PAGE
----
S-Space College of Medicine/School of Medicine (의과대학/대학원) Dept. of Biomedical Sciences (대학원 의과학과) Journal Papers (저널논문_의과학과)
Cost analysis of depression using the national insurance system in South Korea: a comparison of depression and treatment-resistant depression
- Shin, Daun; Kim, Nam Woo; Kim, Min Ji; Rhee, Sang Jin; Park, Christopher H K; Kim, Hyeyoung; Yang, Bo Ram; Kim, Mi-sook; Choi, Gum Jee; Koh, Minjung; Ahn, Yong Min
- Issue Date
- BMC Health Services Research. 2020 Apr 06;20(1):286
- Costs and cost analysis; Depression; Depressive disorder; treatment-resistant; National Health Programs
- The incidence and burden of depressive disorders are increasing in South Korea. There are many differences between pharmaceutically treated depression (PTD) and treatment-resistant depression (TRD), including the economic consequences; however, to our knowledge, the economic burden of depression is understudied in South Korea. Therefore, the objective of the present study was to calculate the different economic costs of PTD and TRD in South Korea, specifically by comparing several aspects of medical care.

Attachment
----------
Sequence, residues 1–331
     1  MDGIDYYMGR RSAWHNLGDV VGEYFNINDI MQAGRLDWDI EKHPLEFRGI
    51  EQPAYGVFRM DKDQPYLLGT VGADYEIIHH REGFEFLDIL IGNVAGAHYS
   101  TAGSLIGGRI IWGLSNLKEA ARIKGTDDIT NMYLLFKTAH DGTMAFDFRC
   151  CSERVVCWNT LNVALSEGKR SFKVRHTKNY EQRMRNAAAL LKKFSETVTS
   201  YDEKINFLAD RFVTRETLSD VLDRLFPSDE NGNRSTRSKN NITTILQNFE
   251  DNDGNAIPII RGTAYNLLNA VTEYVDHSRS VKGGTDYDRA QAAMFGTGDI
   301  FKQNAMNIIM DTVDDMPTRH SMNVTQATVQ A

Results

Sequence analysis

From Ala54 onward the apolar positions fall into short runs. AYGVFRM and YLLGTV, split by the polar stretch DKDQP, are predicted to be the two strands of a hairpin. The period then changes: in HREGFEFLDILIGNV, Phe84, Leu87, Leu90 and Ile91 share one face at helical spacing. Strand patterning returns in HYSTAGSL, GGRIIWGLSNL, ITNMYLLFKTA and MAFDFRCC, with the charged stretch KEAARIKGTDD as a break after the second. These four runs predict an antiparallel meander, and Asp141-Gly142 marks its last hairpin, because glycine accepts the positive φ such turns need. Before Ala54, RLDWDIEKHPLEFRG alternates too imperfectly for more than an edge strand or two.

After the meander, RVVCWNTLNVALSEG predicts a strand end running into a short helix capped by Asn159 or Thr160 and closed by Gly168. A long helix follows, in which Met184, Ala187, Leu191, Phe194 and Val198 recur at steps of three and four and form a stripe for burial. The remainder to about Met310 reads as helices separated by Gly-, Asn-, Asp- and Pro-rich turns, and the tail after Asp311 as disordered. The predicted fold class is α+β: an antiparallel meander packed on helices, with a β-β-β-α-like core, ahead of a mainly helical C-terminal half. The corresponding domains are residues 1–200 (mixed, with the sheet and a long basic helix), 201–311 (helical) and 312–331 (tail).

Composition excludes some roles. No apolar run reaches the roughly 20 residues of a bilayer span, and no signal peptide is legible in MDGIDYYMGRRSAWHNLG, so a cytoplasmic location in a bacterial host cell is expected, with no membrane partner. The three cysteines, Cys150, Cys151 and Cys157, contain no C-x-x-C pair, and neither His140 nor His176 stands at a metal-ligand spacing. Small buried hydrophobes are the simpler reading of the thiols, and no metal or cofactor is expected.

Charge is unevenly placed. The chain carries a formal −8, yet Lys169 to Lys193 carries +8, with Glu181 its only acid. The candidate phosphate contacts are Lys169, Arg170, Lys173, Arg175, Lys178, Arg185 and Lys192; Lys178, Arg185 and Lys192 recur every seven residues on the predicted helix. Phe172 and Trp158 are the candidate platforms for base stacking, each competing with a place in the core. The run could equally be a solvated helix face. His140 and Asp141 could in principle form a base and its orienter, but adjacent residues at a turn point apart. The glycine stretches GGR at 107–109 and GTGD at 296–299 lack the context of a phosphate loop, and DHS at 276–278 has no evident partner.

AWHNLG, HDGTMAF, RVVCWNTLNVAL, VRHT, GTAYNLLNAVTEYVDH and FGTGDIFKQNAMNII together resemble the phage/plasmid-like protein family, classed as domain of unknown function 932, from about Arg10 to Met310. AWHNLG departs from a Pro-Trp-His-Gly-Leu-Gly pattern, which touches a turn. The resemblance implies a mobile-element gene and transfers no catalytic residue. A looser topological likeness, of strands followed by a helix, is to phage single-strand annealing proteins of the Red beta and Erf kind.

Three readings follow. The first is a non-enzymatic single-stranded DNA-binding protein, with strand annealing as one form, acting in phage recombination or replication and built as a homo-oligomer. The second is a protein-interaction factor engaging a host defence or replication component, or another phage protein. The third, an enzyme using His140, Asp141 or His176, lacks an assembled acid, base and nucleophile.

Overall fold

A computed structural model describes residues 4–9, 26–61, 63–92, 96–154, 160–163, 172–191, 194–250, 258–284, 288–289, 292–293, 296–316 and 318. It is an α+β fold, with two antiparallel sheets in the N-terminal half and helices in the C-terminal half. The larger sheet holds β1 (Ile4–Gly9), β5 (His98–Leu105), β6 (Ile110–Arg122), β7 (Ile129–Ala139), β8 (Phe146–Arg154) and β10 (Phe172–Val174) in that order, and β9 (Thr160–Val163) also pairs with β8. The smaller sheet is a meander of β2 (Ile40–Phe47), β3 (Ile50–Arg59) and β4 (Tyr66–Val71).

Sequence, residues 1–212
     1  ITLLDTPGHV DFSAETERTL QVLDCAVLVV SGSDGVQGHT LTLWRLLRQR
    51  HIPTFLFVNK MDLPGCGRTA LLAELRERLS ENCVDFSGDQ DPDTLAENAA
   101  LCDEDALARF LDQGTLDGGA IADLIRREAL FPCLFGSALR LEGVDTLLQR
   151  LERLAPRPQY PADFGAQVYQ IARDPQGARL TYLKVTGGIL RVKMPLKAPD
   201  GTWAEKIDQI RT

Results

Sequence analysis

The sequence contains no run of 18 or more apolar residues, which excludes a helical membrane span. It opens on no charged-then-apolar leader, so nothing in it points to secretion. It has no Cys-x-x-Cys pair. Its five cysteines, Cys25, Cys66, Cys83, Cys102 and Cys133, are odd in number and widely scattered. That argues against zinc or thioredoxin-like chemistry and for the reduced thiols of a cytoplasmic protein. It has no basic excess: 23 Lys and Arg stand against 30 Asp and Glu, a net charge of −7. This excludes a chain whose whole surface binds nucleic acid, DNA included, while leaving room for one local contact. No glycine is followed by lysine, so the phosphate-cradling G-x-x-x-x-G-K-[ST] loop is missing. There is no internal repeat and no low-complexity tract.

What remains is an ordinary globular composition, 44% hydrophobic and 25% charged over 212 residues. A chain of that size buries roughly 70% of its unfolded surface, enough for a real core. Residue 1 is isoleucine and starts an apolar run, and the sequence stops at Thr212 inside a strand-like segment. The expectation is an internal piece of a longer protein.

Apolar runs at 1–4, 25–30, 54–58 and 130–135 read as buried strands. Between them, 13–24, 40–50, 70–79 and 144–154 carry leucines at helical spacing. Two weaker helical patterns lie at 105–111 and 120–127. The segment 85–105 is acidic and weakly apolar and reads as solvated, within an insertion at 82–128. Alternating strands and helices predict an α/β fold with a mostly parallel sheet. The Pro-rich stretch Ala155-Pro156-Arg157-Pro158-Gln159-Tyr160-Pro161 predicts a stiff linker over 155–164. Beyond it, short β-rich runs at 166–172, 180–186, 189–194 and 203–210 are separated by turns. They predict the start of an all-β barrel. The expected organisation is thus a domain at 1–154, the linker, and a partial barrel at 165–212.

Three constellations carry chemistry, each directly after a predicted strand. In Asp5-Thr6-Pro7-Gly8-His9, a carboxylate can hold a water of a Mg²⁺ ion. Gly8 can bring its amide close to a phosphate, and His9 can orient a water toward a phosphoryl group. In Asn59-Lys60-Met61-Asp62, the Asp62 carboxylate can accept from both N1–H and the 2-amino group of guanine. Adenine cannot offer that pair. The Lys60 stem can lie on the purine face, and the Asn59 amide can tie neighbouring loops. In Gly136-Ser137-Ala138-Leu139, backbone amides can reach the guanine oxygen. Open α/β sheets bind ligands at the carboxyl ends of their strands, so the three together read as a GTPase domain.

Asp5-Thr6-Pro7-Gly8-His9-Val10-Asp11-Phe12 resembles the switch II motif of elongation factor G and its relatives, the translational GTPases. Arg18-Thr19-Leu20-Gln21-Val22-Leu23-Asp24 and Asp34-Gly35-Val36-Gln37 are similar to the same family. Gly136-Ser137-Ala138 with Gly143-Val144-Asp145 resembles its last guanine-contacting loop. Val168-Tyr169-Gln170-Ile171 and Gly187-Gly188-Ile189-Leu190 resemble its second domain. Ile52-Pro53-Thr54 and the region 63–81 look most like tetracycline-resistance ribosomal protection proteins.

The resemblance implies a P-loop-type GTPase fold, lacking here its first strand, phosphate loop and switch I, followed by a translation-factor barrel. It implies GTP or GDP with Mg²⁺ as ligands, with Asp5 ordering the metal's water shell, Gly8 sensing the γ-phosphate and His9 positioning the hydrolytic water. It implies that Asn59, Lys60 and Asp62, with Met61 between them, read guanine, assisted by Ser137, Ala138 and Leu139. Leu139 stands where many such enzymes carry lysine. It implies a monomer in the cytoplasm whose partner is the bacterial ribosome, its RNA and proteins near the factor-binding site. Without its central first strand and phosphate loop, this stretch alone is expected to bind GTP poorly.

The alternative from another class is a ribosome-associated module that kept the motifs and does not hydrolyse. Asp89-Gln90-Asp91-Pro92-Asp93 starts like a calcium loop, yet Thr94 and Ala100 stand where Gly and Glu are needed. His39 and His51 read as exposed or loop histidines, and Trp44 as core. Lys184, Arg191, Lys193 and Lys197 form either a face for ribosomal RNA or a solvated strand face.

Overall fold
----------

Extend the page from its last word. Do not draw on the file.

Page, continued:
This study comprised patients aged 18 and over who were newly prescribed antidepressants for more than 28 days with a depression code included from January 1, 2012, to December 31, 2012, by the Health Insurance Review and Assessment Service (HIRA). TRD was classified as more than two antidepressant regimen failures in PTD patients. The cost was calculated based on the cost reflected on the receipt registered with HIRA.
Of the 834,694 patients with PTD, 34,812 patients (4.17%) were converted to TRD. The cost of medical care for TRD (6,610,487 KRW, 5881 USD) was approximately 5 times higher than the cost of non-TRD (1,273,045 KRW, 1133 USD) and was significantly higher for patients with or without depression and suicide codes. Medical expenses incurred by non-psychiatrists were roughly 1.7 times higher than those incurred by psychiatrists.
TRD patients had significantly higher healthcare costs than PTD patients. Identifying these financial aspects of care for depression can help to establish a more effective policy to reduce the burden on mentally ill patients.